Within the département of the Drôme, lies an anomaly known as L’Enclave des Papes, an island of land that technically belongs within Vaucluse and incorporates the four communes of Grillon, Valréas, Visan and Richerenches. Whilst Grillon might be known to tourists for its impressive château, and both Valréas and Visan will be familiar names to the amateurs du vin of the Southern Rhône, so unless you’re an avid lover of truffles, it’s unlikely you’ll have ever heard of the village of Richerenches.
Once the most important stronghold of the Knights Templars in Provence, the village is, however, most famous today for its truffle market which happens once a week during the season, culminating in the messe aux truffes, which is held on the third Sunday in January, when donations to the church are given not in money, but with the local black diamonds. The truffles are taken from the church by the local brotherhood and auctioned in the small square in front of the Hôtel de Ville.
The least known, some might say its greatest secret, however, lies within the ugly 1960s edifice of a co-operative, located at the eastern edge of the village. Its claim to fame is being the youngest co-operative in the Rhône, probably even in France. Created in 1966, with the first harvest crushed in 1967, the Cellier des Templiers takes its name from the 12th Century crusaders who once ruled the region. Today, it has around 30 members, producing in the region of 45,000 hectolitres from 1,000 hectares of vineyard. Only a tiny fraction of what the cellar crushes is sold under its own labels, with almost all of that passing through the door of the tiny cellar door shop, to a loyal and very local clientele.
Needless to say, what they do keep back is of a very high standard and, whilst not the least expensive of what can be sourced by trawling around the co-operatives of the region, they are as good as many domaine bottled offerings. Rebekah and I stumbled on the address through drinking a bottle of the local house wine in the Bistro Leonardo in Vaison-la-Romaine, with the owners who were kind enough to put me in touch with Directeur and winemaker Franck Lacombe. Together, we’re working on a new label project to bring the wines of the co-operative to a wider and more international audience.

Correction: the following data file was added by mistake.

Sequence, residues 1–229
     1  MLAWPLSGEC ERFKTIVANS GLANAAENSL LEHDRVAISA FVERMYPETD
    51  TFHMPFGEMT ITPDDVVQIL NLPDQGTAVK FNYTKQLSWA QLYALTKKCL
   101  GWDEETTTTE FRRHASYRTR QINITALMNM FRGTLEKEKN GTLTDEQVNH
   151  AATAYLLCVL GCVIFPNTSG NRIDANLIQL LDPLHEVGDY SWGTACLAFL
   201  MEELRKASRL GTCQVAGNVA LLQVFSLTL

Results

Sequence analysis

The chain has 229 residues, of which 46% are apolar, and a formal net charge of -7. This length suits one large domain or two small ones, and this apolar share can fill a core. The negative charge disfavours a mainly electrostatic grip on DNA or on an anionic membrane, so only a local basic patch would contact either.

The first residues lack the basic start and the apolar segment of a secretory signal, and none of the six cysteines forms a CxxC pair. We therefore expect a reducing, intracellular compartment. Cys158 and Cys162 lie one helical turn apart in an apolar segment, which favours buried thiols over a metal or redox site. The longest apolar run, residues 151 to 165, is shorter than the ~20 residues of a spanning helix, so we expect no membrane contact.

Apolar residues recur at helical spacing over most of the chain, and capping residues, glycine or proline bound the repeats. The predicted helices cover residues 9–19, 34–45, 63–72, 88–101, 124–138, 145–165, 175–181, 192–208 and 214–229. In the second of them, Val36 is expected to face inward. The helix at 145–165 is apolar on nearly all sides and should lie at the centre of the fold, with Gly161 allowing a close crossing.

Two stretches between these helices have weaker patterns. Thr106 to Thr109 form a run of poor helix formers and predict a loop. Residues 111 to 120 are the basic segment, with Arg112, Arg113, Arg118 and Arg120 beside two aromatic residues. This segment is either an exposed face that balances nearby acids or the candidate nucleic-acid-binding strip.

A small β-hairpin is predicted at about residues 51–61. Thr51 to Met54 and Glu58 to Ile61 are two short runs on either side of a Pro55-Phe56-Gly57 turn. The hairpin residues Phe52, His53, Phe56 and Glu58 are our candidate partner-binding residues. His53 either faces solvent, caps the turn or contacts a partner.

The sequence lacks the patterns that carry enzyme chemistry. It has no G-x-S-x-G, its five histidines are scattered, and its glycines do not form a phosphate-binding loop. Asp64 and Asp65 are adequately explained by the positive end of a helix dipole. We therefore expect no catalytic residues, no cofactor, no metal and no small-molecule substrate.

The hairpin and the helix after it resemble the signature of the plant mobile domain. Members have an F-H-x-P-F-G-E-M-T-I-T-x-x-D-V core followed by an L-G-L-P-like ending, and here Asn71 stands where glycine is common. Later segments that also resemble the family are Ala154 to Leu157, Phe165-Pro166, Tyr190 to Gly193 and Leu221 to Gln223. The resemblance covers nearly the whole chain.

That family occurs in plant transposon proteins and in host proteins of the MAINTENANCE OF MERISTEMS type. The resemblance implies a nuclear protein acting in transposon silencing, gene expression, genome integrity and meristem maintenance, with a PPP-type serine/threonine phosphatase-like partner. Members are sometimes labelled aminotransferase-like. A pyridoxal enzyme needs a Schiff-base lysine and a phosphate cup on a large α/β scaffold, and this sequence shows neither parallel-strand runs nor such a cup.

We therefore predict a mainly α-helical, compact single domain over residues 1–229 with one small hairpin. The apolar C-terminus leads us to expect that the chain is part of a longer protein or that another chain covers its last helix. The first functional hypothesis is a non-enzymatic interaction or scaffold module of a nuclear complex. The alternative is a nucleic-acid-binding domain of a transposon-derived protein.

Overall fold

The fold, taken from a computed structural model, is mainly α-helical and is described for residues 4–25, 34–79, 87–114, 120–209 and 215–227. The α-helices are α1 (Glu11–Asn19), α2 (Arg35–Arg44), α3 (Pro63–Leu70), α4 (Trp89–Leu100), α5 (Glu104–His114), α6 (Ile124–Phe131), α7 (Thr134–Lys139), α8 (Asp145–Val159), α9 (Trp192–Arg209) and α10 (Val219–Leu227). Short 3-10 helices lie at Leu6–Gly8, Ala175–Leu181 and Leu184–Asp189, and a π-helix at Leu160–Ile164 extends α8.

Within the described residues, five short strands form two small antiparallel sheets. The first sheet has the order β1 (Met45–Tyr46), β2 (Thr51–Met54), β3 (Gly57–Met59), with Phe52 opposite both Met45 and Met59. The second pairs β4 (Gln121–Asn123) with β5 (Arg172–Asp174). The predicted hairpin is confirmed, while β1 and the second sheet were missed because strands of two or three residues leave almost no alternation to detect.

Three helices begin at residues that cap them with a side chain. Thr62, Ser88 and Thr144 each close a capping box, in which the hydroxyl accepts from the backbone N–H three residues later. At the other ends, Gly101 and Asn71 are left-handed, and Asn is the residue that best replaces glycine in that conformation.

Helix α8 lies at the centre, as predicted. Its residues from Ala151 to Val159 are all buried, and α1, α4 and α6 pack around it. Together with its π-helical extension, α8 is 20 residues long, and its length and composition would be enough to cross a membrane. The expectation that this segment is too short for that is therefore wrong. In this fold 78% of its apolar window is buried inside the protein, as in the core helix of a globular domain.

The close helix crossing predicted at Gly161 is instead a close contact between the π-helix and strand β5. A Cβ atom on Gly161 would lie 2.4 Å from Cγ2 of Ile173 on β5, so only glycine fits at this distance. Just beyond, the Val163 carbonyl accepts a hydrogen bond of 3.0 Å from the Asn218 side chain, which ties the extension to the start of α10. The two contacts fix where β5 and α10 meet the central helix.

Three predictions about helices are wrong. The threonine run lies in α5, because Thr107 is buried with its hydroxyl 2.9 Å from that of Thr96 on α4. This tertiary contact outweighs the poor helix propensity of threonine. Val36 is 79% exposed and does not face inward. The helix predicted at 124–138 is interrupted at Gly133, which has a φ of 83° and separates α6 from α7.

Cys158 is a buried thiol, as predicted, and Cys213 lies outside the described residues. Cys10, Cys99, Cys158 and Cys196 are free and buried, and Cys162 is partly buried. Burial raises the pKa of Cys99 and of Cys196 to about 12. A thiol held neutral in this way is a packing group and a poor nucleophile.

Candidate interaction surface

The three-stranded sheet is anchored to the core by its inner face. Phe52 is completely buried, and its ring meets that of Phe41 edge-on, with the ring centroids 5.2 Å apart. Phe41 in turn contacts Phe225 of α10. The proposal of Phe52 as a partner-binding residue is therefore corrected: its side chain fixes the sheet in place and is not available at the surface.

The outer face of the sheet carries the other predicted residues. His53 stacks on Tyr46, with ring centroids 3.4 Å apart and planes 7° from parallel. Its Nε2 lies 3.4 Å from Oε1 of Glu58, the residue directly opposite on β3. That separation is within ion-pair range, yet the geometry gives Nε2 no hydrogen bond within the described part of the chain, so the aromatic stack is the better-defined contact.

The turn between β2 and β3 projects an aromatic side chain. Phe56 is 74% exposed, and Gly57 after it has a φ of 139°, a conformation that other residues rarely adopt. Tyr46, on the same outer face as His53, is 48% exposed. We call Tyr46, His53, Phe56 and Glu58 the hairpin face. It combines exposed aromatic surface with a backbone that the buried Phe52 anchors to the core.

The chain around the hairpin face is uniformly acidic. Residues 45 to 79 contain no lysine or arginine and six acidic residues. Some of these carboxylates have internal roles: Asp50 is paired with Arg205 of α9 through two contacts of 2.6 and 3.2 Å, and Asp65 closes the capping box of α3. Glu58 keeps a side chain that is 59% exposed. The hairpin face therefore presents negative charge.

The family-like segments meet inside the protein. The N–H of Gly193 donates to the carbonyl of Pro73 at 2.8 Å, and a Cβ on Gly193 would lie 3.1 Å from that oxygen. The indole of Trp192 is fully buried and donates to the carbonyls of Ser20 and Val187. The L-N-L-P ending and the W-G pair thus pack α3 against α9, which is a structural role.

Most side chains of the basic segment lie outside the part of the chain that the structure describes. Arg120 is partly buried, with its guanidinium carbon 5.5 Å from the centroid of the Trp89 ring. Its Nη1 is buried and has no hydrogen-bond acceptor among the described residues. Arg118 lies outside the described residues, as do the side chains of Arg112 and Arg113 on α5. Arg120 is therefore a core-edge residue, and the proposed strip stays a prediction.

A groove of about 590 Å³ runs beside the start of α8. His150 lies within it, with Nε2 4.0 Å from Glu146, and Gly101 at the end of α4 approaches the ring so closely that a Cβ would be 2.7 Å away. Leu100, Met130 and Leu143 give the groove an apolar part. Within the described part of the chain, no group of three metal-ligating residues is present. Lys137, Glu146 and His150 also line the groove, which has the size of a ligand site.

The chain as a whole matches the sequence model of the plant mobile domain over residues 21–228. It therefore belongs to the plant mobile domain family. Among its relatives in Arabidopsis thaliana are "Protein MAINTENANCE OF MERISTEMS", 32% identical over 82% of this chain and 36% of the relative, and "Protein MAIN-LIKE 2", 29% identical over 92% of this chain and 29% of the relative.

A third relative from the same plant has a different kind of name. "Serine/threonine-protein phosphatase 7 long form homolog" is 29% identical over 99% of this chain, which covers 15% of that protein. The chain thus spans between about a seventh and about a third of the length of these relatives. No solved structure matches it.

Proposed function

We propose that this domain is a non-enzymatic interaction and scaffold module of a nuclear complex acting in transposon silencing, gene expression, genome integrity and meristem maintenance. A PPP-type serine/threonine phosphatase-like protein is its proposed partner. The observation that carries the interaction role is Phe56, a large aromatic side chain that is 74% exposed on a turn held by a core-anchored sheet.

The range centres round Terra Quercus, a reference to the local terrain, perfectly suited for the truffles that grow in the forests located around the commune (Quercus being the Latin name for oak). In terms of viticulture, the catchment area for the co-operative, is in the coolest part of the Southern Rhône, benefiting from the protection of the mountains to the north and generally remains sheltered from the mind-altering battering of the mistral. The influence in climate is noticeable in the resulting wines, with reds invariably delicate and fresh, even in the generally riper vintage of 2011.
Côtes du Rhône ‘Terra Quercus’ Blanc
A multi-varietal wine, composed of Grenache Blanc, Viognier, Marsanne and Roussanne harvested simultaneously with the blend being made in the cellar at the point of harvest. The wine is aged in tank and usually committed to bottle by February following the vintage. It was our first introduction to the wines of the cellar and we were struck by its presence.
Côtes du Rhône ‘Terra Quercus’ Rosé
As good as any Rosé you’ll find in the region. Based on 90% Grenache with 10% Syrah. Dry, clean, with a lovely freshness to the acidity. Whilst 2013 was a tricky year, to say the least, this is a commendable effort. Stock, however, remains very short.
Côtes du Rhône ‘Terra Quercus’ Rouge
Based on 60% Grenache and 40% Syrah. The wine is fermented and aged in an immense gallery of underground caverns in tanks sunk even further into the earth. Soft, perfumed and approachable.